Type an address into your phone, and up will pop a step-by-step route from where you are to where you want to be. This is, in its way, magic – magic that has, at this point, been rubbed and polished into a simple fact of life. The ease with which we machine-carrying humans make our way through the world, though, is quite new. And it’s the product of a long, painstaking history: of people plotting a course, getting lost, and finally finding their way.

But the story of navigation is more complicated than that. Looking to the constant objects of the physical world – the sun, the moon, the stars – and using them to understand, ever more precisely, how to find our way in the world, was quite more difficult than it seems.

Back in the Middle Ages, there were some things that were very common during navigation. For example,  Islamic geography and navigational sciences made use of a magnetic compass and a rudimentary instrument known as a kamal, used for celestial navigation and for measuring the altitudes and latitudes of the stars. The kamal itself was simple to construct. It was a rectangular piece of either bone or wood which had a string with 9 consecutive knots attached to it.

                                             

Another instrument available, developed by the Arabs as well, was the quadrant. Also a celestial navigation device, it was originally developed for astronomy and later transitioned to navigation.

In China between 1040 and 1117, the magnetic compass was being developed and applied to navigation. This let masters continue sailing a course when the weather limited visibility of the sky. The true mariner’s compass using a pivoting needle in a dry box was invented in Europe no later than 1300. The first compasses in ancient Han dynasty China were made of lodestone, a naturally magnetized ore of iron. The compass was later used for navigation during the Song Dynasty of the 11th century. Later compasses were made of iron needles, magnetized by striking them with a lodestone. Dry compasses began to appear around 1300 in Medieval Europe and the Islamic world. This was supplanted in the early 20th century by the liquid-filled magnetic compass.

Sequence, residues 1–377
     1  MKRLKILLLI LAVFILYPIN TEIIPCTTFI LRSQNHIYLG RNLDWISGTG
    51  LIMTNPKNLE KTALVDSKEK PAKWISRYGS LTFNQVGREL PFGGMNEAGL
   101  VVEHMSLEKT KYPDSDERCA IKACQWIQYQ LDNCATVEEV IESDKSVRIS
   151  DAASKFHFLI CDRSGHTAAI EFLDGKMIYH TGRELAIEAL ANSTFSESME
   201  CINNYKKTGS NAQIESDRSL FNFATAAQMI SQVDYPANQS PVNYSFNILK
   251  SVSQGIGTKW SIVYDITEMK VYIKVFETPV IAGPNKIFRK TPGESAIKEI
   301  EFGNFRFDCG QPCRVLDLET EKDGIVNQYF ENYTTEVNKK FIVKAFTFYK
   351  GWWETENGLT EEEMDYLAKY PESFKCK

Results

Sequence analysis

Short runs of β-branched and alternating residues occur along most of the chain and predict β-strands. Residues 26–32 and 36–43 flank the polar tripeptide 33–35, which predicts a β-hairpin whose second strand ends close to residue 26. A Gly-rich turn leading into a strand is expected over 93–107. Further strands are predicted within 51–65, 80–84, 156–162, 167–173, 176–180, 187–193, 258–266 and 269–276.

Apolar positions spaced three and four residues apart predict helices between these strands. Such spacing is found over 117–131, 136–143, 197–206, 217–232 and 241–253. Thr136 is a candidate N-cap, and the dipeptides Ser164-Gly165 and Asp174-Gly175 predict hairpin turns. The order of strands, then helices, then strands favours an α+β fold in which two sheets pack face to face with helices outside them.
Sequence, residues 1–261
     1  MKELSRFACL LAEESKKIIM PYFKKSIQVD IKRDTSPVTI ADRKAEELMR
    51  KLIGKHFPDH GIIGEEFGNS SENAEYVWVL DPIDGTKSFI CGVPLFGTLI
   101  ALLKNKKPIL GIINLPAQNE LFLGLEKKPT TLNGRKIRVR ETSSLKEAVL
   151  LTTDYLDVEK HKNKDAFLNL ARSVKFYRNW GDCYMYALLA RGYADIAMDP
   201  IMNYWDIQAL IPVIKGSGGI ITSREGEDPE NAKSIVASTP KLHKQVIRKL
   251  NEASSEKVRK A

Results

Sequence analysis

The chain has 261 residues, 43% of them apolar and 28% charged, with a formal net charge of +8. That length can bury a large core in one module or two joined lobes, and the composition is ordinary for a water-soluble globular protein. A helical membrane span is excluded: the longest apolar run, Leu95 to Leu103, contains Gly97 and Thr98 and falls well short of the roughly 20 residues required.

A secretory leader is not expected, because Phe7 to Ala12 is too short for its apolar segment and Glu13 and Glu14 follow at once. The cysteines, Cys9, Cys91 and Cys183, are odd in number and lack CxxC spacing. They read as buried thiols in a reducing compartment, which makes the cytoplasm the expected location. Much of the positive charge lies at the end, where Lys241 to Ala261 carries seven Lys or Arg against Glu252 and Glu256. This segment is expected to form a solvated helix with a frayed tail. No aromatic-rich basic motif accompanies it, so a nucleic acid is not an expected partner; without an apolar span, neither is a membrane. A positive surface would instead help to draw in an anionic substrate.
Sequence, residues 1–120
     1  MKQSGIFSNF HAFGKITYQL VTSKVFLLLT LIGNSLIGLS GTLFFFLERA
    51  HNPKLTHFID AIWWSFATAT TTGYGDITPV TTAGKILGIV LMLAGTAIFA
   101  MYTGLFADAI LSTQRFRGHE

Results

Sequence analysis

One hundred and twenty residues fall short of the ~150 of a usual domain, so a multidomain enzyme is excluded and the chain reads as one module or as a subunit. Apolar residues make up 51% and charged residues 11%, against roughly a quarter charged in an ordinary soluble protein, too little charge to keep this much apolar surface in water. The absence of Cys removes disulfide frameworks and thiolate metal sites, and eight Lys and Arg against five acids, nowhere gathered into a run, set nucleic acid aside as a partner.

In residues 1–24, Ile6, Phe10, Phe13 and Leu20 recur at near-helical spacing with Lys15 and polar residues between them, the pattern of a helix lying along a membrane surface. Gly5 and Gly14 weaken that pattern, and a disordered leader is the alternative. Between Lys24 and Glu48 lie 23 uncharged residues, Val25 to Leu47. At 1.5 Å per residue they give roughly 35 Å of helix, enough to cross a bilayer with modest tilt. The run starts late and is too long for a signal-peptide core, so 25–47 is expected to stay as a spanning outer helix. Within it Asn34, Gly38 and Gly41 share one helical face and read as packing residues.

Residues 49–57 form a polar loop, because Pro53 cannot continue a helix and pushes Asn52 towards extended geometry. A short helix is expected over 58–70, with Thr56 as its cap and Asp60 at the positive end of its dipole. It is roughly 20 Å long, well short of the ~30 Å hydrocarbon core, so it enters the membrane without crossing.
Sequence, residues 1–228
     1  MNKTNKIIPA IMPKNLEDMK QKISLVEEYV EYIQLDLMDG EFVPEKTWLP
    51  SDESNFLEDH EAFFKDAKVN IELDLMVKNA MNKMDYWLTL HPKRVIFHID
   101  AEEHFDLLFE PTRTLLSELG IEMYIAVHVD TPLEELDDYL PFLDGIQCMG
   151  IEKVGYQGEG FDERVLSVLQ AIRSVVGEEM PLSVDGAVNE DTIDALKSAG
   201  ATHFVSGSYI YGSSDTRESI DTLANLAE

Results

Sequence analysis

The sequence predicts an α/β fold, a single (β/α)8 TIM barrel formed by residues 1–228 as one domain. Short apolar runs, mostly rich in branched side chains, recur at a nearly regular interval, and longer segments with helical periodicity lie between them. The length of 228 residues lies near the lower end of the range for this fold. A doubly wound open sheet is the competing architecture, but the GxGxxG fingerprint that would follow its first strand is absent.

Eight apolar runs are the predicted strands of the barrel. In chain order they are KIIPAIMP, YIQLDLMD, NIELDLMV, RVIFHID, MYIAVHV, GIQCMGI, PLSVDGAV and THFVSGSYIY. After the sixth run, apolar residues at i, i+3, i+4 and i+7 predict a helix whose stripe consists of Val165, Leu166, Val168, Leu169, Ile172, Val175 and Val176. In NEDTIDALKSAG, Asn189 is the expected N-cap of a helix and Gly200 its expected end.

Nautical charts called portolan charts began to appear in Italy at the end of the 13th century. However, their use did not seem to spread quickly: there are no reports of the use of a nautical chart on an English vessel until 1489. Portolan or portulan charts are navigational maps based on compass directions and estimated distances observed by the pilots at sea. They were first made in the 13th century in Italy, and later in Spain and Portugal, with later 15th and 16th century charts noted for their cartographic accuracy. With the advent of widespread competition among seagoing nations during the Age of Discovery, Portugal and Spain considered such maps to be state secrets. The English and Dutch, relative newcomers, found the description of Atlantic and Indian coastlines extremely valuable for their raiding, and later trading, ships. The word portolan comes from the Italian adjective portolano, meaning “related to ports or harbors, or “a collection of sailing directions”.

Vikings used polarization and the Sunstone to allow navigation of their ships by locating the Sun even in a completely overcast sky. This special mineral was talked about in several 13th–14th century written sources in Iceland.